Mining the Astronomical Literature

At .Astronomy 4 in Heidelberg, I began hacking on some natural language processing of the astronomical literature as part of my Hack Day project with Sarah Kendrew and Karen Masters. It began as a version of BrainScanr for astronomy – which it can still become – however it also provides an interesting database to explore, filled with the terms used in astronomy and how they change over time. 

Basically, I’m grabbing and processing (thanks to Alasdair Allan) the titles and abstracts of all the papers from the Astrophysical Journal (ApJ), Astronomy & Astrophysics (A&A), and the Monthly Notices ofthe Royal Astronomical Society (MNRAS). The records for each of these publications go back some way. MNRAS has been published since 1827, and ADS has digested the entire collection. Here’s how many papers these three journals have published since 1827, per year*.

Here’s the data in a cumulative form:

It may be more useful to see this plot with a log(10) y-axis:

Since 1960-ish, the rate of publication in astronomy appears to follow a power law, and publishing in its current form it cannot usefully continue at this rate of acceleration. If it did we’d be pushing out 1,000 articles a week by 2040 – my arXiv RSS is already unreadably busy.

With the above plots in mind, we can see how individual topics or terms are represented in the literature. Here is the plot for papers mentioning the phrase ‘dark matter’.

It rapidly becomes hard to understand these numbers in the context of the whole corpus of the three journals, so here is the same data, but represented as a fraction of the collective body of literature that year, i.e. it shows what fraction of the literature was concerned with dark matter in any given year.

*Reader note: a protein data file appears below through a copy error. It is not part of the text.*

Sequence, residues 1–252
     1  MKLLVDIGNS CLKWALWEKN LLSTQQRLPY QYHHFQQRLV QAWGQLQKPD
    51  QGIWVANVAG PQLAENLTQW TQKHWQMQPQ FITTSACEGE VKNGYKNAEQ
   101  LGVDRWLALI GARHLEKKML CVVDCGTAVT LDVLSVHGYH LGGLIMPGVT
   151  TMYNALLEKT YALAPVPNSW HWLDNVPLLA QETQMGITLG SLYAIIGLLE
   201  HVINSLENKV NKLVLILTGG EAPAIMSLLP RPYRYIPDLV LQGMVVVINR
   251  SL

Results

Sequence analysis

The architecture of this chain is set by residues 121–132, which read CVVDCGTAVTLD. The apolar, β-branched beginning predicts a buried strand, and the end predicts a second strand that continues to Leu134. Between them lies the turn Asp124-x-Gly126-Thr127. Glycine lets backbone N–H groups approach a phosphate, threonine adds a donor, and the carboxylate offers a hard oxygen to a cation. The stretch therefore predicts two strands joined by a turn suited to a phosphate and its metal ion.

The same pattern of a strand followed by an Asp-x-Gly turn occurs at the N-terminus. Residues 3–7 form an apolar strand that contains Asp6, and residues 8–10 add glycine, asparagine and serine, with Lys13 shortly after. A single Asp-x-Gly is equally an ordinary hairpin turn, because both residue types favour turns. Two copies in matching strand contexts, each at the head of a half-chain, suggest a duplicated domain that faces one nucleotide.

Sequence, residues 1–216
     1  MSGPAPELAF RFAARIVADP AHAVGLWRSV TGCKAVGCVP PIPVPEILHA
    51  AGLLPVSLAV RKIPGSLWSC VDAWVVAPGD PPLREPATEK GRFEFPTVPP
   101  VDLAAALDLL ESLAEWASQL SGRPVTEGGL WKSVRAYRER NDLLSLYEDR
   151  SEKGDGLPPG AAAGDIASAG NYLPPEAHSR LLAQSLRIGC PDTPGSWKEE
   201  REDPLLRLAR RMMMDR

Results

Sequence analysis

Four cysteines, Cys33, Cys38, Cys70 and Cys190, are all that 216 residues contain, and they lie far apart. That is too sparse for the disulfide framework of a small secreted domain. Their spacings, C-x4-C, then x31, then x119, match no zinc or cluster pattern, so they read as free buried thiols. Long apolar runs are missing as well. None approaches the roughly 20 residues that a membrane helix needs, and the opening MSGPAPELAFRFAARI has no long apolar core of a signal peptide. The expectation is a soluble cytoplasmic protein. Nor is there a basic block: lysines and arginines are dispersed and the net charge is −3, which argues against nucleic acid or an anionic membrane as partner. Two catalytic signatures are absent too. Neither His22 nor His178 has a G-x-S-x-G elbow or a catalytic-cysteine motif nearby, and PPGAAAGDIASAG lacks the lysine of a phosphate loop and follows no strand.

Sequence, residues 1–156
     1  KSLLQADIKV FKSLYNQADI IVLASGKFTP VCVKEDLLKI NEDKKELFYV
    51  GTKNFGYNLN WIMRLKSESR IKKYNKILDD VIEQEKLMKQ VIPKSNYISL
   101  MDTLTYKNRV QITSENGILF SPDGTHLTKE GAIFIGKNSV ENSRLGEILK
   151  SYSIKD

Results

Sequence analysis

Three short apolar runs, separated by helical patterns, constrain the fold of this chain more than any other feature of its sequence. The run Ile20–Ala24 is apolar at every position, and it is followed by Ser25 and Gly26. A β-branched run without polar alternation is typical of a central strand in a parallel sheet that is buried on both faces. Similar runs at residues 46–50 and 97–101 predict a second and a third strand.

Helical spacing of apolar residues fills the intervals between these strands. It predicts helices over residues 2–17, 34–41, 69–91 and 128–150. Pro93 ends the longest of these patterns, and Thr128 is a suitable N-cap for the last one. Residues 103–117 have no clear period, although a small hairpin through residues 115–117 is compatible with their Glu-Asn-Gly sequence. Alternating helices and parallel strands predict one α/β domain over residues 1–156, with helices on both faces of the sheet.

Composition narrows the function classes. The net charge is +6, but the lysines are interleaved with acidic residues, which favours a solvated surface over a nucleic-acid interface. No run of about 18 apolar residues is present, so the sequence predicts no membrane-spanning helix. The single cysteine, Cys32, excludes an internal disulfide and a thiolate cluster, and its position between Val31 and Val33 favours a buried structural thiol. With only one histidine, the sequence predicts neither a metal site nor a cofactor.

In 1978 there are two papers using the phrase ‘dark matter’ in their title or abstract. By 2011 a significant chunk of all papers in these journals are talking about it! It looks like ApJ was more concerned with dark matter than A&A or MNRAS, until recently. Looking at a non-cumulative version we see that thus does appear to be the case. Since 2000, MNRAs been steadily publishing more often about dark matter, and ApJ has been publishing less often.

But how does dark matter compare with other terms? Considering the entire corpus, let’s compare the term ‘dark matter’ with a few other, related terms: ’cosmology’, ‘big bang’, ‘dark energy’ and ‘wmap’. you can see cosmology has been getting more popular since the 1990s, and dark energy is a recent addition.

Here are some more plots, just for fun. Here the relative popularity of the planets Earth, Jupiter and Saturn (the three most-popular in fact). You can see that we’re more obsessed with Earth than ever, and that Jupiter is getting more interesting:

Here are terms related to exoplanets. You can see that the use of the term ‘exoplanet’ overtook ‘extrasolar planet’ in about 2007:

Here are some famous space telescopes. I like that Hubble, Chandra and Spitzer seem to have taken turns in hogging the limelight, much as COBE, WMAP and Planck has each contributed to our knowledge of the CMB in successive decades, Planck still on the rise.

It is worth mentioning again that I’m currently only using data from three journals. I intend to add more, such as PASP, and to add supplements and letters. The more data I add, the slower my code will become and I need to refactor it before I let the database get bigger.

My next step is looking at correlations between terms in the literature, to find known, and possibly unknown, relationships between words. I’ll also try to put this all online into some usable form soon.

* All the charts on this post are linked to the interactive version.


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